Moreover, this was a dance performance in France, and when I think of the French artistic temperament, I think: serious, abstract, a little pretentious. This sounded like a recipe for a really tedious, turgid evening of modern dance.

On the night of the performance, my host family and I were in the lobby waiting to go into the theater, when we heard drums beat, whistles blow. Decouflé’s troupe emerged: three women, four men, with both sexes dressed in bizarre majorette outfits — as though the costume designer had seen a picture of a majorette once, years ago, and then tried to recreate her outfit from memory. They marched around the lobby, twirling batons. It was strange and whimsical and fun – though, determined as I was to worry, I fretted, “Are they making fun of American culture? Is that what this show is going to be?”

The evening proper began with some of Decouflé’s pieces from the ‘80s, with street-influenced dancing that wouldn’t have been out of place in a music video. (Indeed, Decouflé directed the acclaimed – and totally ’80s – video for “She Drives Me Crazy.” YouTube it!) Many of the other pieces involved dancing with props or other design elements: costumes with weird tentacles for a piece called “Microbes,” dancers in a stylized boxing ring, dancers strapped into harness for an aerial ballet, dancers interacting with their own shadows. One young man recounted a folk tale while illustrating the action with hand shadows.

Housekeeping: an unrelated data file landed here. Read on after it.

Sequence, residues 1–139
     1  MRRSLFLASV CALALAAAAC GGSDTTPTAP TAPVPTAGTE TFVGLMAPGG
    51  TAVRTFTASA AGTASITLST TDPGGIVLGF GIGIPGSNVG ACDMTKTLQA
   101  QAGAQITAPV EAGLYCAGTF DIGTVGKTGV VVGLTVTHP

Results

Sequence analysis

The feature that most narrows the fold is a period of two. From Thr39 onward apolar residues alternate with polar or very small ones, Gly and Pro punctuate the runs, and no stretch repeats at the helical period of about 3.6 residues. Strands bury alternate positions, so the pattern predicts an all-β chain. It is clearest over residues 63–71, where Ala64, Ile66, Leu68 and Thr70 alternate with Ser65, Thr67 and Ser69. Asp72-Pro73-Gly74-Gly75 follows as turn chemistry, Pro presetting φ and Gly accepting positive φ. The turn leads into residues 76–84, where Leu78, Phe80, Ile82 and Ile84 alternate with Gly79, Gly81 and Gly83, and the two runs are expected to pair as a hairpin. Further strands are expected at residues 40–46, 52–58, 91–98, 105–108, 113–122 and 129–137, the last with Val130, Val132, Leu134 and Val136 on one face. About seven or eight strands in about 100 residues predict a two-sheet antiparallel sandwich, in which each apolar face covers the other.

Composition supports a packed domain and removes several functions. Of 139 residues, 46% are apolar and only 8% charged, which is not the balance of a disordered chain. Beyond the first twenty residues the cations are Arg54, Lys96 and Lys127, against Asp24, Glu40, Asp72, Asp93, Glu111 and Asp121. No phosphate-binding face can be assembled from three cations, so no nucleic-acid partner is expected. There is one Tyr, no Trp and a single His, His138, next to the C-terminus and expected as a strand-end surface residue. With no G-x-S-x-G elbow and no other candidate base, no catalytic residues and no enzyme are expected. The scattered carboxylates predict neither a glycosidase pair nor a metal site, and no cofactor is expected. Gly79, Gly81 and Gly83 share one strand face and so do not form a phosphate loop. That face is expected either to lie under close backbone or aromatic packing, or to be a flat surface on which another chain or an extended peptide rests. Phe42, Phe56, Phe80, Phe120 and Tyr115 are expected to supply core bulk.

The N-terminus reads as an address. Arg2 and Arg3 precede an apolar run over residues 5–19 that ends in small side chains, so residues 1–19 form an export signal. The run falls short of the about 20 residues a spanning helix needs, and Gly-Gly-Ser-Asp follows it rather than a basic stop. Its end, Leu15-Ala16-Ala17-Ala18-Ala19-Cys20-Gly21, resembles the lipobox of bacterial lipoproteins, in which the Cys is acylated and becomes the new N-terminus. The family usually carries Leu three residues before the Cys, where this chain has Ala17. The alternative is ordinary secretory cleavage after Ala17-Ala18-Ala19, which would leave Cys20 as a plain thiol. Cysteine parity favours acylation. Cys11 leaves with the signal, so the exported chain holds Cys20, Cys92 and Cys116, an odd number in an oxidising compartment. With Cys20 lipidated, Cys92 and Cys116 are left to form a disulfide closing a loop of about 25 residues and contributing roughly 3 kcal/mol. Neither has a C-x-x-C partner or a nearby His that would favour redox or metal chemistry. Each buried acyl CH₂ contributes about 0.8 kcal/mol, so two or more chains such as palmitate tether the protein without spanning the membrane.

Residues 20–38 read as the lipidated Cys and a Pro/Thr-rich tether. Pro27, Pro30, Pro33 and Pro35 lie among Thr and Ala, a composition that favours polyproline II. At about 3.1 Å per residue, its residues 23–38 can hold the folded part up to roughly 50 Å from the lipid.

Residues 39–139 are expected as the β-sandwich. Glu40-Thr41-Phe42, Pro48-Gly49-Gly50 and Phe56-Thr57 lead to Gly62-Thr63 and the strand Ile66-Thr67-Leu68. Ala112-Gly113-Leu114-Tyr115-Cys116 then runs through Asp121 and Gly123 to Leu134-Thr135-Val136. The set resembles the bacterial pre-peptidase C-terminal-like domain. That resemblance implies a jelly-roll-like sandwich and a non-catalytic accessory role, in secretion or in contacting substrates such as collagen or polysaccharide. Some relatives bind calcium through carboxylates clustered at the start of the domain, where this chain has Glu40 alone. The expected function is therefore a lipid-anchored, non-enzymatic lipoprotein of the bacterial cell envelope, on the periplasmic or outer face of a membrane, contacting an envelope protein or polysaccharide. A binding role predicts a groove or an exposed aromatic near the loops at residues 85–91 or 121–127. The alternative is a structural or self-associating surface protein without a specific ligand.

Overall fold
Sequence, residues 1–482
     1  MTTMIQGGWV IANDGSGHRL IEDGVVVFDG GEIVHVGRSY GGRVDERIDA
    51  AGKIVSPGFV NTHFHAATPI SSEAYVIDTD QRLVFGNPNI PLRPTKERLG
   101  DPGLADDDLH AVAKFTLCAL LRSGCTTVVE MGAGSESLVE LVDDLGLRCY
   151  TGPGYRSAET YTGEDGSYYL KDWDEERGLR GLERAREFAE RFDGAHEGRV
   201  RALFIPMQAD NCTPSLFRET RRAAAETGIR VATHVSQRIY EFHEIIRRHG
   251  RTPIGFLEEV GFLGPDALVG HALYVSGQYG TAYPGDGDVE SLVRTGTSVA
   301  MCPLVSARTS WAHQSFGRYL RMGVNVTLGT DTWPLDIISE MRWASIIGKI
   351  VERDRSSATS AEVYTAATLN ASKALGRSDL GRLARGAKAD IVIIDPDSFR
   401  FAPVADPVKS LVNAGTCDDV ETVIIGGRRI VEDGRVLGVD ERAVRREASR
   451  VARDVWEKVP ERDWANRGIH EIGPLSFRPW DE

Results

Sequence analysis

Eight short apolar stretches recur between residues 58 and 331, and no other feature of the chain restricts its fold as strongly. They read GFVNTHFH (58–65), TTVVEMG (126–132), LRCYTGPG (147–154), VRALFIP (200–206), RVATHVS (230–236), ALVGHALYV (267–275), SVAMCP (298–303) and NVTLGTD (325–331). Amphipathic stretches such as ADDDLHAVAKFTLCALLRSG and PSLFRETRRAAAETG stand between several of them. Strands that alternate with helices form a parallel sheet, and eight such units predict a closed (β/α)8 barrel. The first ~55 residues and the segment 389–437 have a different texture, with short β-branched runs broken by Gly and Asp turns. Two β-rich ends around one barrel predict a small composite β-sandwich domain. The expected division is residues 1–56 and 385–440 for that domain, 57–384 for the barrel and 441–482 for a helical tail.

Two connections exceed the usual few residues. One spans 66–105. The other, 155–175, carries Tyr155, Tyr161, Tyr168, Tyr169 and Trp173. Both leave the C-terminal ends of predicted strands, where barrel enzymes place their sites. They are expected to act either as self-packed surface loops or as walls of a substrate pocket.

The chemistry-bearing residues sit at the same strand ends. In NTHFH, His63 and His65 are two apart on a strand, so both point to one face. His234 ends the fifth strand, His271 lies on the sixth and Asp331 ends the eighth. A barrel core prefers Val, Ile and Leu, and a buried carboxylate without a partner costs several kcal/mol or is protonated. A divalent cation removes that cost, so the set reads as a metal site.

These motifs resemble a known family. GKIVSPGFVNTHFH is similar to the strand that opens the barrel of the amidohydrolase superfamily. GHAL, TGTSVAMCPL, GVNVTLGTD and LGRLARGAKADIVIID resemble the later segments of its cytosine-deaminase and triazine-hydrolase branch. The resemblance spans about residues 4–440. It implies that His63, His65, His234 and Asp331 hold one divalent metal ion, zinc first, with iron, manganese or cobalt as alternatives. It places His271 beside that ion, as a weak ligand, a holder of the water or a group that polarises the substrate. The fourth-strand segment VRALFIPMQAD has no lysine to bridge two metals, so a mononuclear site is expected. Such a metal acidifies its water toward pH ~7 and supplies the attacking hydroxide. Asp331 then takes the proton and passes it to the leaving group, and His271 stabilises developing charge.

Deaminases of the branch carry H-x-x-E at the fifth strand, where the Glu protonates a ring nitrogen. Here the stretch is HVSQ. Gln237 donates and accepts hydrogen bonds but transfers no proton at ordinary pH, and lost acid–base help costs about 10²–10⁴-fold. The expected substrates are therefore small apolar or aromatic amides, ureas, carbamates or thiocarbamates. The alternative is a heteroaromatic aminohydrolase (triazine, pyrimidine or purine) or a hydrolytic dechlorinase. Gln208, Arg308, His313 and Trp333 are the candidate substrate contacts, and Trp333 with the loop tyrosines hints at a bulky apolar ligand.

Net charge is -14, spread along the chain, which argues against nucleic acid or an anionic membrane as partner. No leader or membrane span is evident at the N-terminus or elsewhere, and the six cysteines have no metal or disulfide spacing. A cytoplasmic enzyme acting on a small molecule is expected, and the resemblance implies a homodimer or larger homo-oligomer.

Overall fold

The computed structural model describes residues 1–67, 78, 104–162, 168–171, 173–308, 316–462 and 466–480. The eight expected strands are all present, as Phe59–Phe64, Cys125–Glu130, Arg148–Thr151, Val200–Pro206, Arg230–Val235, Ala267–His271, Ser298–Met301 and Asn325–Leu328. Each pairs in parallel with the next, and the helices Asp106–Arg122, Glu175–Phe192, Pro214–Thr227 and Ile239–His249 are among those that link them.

I don’t know if this art revealed anything deeper about the human condition, but it was very entertaining and I was never bored. Rather than being a pretentious choreographer, Decouflé is a showman who aims to delight the audience with humor and creativity. Some of the pieces, such as the hand-shadow folk tale, blurred the line between theater and dance.  “Microbes” and the other dances with props reminded me of the work of Portland’s Imago Theatre, which similarly blends dance, theater, and whimsy in pieces like “FROGZ.” I was very grateful that my host family had invited me to see this, giving me a memorable last evening in Paris and also helping to dispel some of my false ideas about what modern dance is like.

In cultured France, modern dance is still a popular art form. The theater was sold out for a Thursday night performance, its approximately 900 seats filled with people of all ages. In America, modern dance is seen as a specialty genre, only for connoisseurs. The same goes for modern poetry.

And modern theater? Perhaps.

My head was full of negative stereotypes about what a modern dance performance might be like, based on the worst excesses of the artform. Is this the way the average person feels about theater? Maybe, when someone hears the word “theater,” they picture only the worst kind of peppy, jazz-hands musical theater. Maybe they picture a bad and boring Shakespeare production, people droning on in affected British accents. Maybe the phrase “modern theater” conjures up images of some ungodly kind of performance art. I don’t know for certain, but I do think that we should investigate the stereotypes that the word “theater” creates in people’s minds, so we can learn how to combat these prejudices.